Which is why the enduring love of Jewish marriage, as sacredly concretized within the ketubah, deliberately focuses on what happens after the marriage. Because a part of Jewish love is the love that extends beyond the loving relationship. And something about the modern world of love and dating makes this form of love even more valuable and important to foster.
Ghosting is a case in point. The term is new but the phenomenon it describes probably isn’t: Ghosting is when one party in a relationship suddenly ends all communication with the other person without any explanation. It’s probably gotten worse now that so many relationships are fostered through a torrent of texts and other digital communications. We’re able to fall deeply in love more quickly, but we’re also able to simply disappear when the going gets too tough. As one writer lamented, we place so much important emphasis on sexual consent in modern society, but no one ever asks permission to ghost. It’s no wonder, then, that some call ghosting a modern form of trauma.
In a very real sense, the ketubah is the halachic mechanism to prevent ghosting. A husband and wife are not allowed to live together without a ketubah. If the ketubah is lost, another special replacement ketubah must be redrafted. In order to have intimacy there must first be the safety of accountability. And part of the accountability of love is the commitment to care even if the love dissipates. A relationship that can be ghosted leaves those involved wondering whether the relationship even ever existed in the first place. By centering the ketubah as the affirmation of Jewish love, we are also recognizing the gravity of love’s responsibility.
And not only the love we feel to our husband or our wife: The love that is fostered between spouses within Judaism is emblematic of the love between God and the Jewish people. We should be lovesick with God, Rambam writes. Nearly all the customs of Jewish weddings parallel the revelation of God at Sinai to the Jewish people. Sinai itself was our chuppah. In 1731, the great kabbalist Rabbi Moshe Hayim Luzzato, even drafted a ketubah with the Shechina, the mystical experience of God.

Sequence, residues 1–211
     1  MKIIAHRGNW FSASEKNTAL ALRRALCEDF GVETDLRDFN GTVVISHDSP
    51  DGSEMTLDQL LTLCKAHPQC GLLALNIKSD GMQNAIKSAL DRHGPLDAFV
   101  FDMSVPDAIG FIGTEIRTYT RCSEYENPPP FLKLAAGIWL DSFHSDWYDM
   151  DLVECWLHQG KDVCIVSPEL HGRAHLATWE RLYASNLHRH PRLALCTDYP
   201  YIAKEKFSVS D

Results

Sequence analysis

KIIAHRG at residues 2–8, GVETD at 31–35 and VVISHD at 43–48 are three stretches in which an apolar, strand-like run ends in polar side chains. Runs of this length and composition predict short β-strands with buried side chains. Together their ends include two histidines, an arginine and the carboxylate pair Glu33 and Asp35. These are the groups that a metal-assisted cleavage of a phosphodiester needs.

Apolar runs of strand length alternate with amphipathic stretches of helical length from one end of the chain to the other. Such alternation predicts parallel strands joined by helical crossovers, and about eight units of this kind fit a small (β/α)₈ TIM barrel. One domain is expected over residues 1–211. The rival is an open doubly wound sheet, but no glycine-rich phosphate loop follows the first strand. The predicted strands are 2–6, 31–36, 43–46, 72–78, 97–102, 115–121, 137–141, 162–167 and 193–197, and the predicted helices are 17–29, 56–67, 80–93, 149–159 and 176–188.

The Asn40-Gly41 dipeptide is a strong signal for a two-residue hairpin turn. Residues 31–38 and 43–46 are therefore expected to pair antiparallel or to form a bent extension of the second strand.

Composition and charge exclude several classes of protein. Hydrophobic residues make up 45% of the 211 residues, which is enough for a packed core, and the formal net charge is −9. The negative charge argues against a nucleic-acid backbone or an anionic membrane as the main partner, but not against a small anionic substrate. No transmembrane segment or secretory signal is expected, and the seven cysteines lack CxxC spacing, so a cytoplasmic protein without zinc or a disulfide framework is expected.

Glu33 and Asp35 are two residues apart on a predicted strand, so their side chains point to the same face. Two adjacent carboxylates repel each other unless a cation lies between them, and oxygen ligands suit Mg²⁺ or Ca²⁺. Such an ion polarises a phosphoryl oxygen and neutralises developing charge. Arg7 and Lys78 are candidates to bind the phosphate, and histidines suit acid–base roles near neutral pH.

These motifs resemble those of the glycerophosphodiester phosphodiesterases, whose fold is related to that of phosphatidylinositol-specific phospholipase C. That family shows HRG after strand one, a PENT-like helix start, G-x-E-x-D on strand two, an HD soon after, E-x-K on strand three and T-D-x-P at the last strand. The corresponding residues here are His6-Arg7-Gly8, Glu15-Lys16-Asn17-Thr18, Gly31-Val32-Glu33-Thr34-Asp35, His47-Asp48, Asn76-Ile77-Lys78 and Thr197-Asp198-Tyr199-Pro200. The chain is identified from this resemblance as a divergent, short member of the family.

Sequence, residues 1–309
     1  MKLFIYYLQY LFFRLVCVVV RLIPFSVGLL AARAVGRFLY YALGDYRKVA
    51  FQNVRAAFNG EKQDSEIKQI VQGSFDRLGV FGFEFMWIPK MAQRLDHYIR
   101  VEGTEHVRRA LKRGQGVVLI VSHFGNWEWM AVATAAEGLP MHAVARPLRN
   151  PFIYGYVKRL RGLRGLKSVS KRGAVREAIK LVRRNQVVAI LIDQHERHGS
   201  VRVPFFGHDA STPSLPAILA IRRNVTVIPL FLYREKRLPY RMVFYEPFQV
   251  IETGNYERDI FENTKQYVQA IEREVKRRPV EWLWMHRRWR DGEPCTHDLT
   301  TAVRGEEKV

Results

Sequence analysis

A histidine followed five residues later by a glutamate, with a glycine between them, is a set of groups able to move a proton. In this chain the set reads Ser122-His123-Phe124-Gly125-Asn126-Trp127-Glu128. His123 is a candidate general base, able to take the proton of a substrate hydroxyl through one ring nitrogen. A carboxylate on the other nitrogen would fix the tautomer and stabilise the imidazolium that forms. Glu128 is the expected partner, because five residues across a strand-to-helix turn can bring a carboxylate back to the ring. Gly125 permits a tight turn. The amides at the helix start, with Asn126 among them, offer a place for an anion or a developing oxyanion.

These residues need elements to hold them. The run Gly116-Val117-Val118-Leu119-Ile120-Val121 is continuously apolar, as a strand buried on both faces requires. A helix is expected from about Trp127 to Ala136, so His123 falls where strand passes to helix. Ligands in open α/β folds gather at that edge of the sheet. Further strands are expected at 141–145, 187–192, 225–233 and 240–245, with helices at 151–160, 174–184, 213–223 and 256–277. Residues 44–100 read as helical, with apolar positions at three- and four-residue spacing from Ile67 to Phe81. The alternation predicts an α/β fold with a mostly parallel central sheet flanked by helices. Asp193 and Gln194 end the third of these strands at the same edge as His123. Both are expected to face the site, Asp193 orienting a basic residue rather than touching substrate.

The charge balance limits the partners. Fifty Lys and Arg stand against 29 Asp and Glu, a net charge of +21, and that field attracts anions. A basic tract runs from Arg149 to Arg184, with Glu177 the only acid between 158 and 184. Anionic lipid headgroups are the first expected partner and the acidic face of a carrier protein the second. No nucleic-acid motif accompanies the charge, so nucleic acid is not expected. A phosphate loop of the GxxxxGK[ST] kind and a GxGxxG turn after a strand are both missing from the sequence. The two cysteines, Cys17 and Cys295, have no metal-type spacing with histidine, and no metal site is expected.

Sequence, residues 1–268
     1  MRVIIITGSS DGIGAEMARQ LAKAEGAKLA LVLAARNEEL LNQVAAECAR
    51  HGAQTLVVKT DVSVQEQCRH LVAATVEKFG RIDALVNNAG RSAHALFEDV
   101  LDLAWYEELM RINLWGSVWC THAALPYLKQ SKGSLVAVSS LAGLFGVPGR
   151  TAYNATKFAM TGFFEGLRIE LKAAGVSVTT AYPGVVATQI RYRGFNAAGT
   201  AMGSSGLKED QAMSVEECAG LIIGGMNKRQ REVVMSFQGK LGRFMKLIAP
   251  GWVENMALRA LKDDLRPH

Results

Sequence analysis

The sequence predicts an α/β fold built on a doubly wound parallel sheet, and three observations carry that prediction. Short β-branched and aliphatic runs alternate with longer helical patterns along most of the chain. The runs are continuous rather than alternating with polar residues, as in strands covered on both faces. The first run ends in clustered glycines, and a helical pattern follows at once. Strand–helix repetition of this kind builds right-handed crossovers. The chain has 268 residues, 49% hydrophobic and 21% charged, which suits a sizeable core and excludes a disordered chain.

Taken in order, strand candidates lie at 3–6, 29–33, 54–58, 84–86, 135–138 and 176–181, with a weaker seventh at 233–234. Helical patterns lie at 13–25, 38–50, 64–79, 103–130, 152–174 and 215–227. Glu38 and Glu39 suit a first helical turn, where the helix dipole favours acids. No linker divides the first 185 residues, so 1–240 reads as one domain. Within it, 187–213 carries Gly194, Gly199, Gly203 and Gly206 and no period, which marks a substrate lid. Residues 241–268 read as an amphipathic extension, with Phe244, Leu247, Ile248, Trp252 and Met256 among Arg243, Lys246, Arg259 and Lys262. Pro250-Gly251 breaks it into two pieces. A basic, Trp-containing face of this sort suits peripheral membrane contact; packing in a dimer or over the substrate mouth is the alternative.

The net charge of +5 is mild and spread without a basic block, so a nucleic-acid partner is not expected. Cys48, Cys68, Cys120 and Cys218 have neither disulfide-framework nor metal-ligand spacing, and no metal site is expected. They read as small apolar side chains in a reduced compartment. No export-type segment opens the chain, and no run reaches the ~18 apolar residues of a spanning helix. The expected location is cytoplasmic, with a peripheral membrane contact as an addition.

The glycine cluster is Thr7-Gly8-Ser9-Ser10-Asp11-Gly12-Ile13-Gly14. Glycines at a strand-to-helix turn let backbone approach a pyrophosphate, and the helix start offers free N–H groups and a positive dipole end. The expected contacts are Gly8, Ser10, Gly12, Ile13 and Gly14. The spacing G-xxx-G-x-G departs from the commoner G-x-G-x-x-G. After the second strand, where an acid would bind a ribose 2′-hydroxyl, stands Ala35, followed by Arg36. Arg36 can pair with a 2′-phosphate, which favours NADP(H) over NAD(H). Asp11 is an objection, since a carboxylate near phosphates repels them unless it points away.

He wasn’t merely being poetic. We all have seen what relationships with God look like without the enduring responsibilities of a ketubah. A relationship without a ketubah exists so long as it is convenient and fun. Without a ketubah, we may have Shabbos, but just as long as it isn’t too onerous or comes at a bad time. We may have prayer, but just as long as we have enough free time and the synagogue isn’t too far away. Without a ketubah, every relationship, even the one we have with Creator of the universe, runs the risk of fading away once things are no longer hunky-dory, convenient and comfortable and gratifying. But throw in our binding contract, and everything changes. Because the ketubah doesn’t end with a happily ever after; it ends with the much more soothing phrase ha-kol sharir v’kayum, Aramaic for everything is valid and enduring. It’s a fitting testament to lengths of Jewish love—a love beyond love, a love even when you don’t feel in love, a love that can’t just disappear but endures through commitment and responsibility. Enduring, that is, ever after.
הדרן עלך מכסת כתובות והדרך עלן
Dovid Bashevkin is the Director of Education at NCSY and author of Sin·a·gogue: Sin and Failure in Jewish Thought. He is the founder of 18Forty, a media site exploring big Jewish questions. His Twitter feed is @DBashIdeas.